United Kingdom
Prime Minister Tony Blair
Press Conference with Pakistani President General Pervez Musharraf
Islamabad, Pakistan
October 5, 2001


President Musharraf took a brave decision, and the right decision, to place Pakistan as a key member of the international coalition condemning the 11th September atrocity. His courage and leadership are not just a tribute to him but serve directly the interests of Pakistan.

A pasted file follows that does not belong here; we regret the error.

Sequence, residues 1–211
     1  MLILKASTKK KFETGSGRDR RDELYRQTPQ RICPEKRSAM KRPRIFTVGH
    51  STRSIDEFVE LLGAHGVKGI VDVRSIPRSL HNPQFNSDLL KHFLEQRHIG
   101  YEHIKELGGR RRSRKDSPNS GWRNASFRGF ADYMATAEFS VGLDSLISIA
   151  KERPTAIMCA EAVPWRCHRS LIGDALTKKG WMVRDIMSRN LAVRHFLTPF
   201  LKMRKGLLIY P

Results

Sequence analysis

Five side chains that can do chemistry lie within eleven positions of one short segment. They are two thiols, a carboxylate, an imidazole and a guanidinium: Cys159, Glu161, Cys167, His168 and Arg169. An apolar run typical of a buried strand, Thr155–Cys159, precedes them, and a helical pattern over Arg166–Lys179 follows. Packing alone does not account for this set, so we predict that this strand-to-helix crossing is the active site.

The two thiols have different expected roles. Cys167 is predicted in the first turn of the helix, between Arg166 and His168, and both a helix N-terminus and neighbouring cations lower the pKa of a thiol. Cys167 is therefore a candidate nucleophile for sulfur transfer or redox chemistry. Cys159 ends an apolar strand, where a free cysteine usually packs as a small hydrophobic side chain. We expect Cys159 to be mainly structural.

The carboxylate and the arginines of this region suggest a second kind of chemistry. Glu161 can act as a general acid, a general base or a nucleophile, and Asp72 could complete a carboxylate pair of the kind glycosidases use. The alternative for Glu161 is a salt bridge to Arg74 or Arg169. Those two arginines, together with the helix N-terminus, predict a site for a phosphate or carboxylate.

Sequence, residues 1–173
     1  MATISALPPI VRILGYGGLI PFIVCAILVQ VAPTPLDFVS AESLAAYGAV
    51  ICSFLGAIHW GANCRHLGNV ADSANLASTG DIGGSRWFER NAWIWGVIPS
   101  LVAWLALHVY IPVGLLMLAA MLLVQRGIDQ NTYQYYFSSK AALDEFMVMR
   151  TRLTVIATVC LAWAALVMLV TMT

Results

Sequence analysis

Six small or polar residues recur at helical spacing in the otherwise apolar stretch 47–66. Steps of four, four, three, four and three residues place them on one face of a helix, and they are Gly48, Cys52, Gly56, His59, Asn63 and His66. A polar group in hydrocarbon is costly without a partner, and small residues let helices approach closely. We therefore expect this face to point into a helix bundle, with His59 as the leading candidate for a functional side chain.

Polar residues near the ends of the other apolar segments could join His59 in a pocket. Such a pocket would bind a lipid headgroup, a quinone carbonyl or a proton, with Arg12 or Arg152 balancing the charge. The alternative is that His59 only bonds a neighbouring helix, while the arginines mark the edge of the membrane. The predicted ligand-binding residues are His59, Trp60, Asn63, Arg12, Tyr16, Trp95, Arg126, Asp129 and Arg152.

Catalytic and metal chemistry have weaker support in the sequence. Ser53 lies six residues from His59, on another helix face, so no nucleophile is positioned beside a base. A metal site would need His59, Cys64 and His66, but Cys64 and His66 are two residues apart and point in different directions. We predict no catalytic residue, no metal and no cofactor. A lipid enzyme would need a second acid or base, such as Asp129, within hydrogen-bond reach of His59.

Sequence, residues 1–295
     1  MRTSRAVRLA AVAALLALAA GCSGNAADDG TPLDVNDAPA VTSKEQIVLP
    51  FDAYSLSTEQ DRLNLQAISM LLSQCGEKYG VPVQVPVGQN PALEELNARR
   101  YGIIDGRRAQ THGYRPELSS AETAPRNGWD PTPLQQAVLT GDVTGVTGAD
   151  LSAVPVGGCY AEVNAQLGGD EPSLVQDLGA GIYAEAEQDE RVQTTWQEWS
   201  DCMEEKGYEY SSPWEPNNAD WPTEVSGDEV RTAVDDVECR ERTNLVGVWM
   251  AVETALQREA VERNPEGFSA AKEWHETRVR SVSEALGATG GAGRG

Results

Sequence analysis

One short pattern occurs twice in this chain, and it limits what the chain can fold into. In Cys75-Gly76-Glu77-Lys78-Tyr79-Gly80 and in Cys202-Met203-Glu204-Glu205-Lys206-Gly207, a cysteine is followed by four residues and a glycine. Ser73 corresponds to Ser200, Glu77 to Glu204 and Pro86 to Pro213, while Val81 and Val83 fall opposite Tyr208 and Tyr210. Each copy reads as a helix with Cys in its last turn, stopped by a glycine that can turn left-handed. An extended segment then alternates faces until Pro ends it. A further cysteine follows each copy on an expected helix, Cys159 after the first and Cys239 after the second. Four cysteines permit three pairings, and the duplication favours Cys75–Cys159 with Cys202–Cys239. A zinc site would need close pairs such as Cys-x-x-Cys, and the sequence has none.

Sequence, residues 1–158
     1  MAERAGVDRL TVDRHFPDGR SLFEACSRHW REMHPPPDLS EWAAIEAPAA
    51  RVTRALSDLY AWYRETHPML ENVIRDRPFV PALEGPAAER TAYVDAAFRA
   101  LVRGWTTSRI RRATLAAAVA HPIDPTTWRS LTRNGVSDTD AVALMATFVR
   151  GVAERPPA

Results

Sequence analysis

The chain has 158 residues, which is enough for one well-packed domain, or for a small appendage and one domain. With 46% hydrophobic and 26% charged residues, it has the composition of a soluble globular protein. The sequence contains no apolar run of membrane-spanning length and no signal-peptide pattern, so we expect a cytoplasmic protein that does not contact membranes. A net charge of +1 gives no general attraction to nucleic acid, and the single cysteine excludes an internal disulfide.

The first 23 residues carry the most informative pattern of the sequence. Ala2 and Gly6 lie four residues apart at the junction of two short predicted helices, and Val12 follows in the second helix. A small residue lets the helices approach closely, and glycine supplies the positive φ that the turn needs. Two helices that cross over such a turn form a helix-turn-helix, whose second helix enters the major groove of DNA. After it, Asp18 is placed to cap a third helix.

I want to make two points very clearly at the outset. The evidence against Osama bin Laden is overwhelming and compelling. Several of the hijackers have been traced directly to the al-Qu’eda terrorist camps in Afghanistan. There is no serious doubt that he is guilty. We will release here the document we have put in the British Parliament outlining part of the basis for our conclusions. Any action we take is not against the Afghan people who are his victims too. Still less is it directed against Islam. This is a lie from Osama bin Laden. I want to make it clear that Islam is a peaceful religion. The vast majority of decent Moslems throughout the world, including here in Pakistan and in Britain, were appalled by the 11 September atrocity. Such an act which spilt the blood of hundreds of innocent Moslems as well as others is wholly contrary to the proper teaching of the Koran.